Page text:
Susan Penwarden


Easter weekend, 1967 while my father’s great aunt we received a call to say that my maternal grandmother had died. I was the oldest of four, my brothers were eight and six, and my little sister was four. Since I was the oldest and for some reason often butted heads with my paternal grandmother, I was chosen to go to the wake and funeral for my maternal grandmother in the city, this was about two hours away.

While there, like any nine-year-old, I played with my cousins and got to know my maternal extended family. Due to the distance, I had not had a chance to get to know my aunts, uncles, and cousins very well.

We stayed with my aunt in an old Victorian style house. The house had air vents in the floors to allow heat to rise from the main floor into the upper floor. While sitting in the bathroom, which was right over the kitchen, I overheard through the vent two of my aunts talking. My oldest aunt Mary was telling my younger aunt Lillian that she had no idea why I had been allowed to come to the funeral. She continued to give her reasons, one of which was that I was not even a legitimate child of my mother’s and that I had been conceived before my parents were married. I was not my father’s daughter.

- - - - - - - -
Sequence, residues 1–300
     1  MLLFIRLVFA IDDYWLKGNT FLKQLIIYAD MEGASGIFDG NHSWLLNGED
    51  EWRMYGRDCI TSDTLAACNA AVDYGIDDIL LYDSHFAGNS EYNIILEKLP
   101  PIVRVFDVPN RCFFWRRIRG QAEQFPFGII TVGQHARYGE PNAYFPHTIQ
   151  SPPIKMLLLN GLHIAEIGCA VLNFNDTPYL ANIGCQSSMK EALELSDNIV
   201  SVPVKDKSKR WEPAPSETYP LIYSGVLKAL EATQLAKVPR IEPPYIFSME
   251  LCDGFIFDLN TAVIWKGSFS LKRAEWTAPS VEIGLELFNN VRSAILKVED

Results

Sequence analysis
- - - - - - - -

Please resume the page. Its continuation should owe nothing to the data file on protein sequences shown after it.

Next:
She thought she knew who my father was. When my mother was young, she babysat for my aunt, and had been caught in bed with my aunt Mary’s ex-husband. This led my aunt to believe that I was actually my ex-uncle’s child. Shortly after my aunt caught them in bed, she left her husband and her young children aged 3 and 5.

Fast forward about four years. After trying to process this information and being unable to comprehend the impact of my aunts’ conversation, I finally got the nerve to ask my mother what my aunt had been talking about. I asked her if my dad was my dad or if my uncle was actually my father. Of course she denied that anything like that had ever happened.

Over the next few years, the subject came up a few times, and my mother denied the facts every time.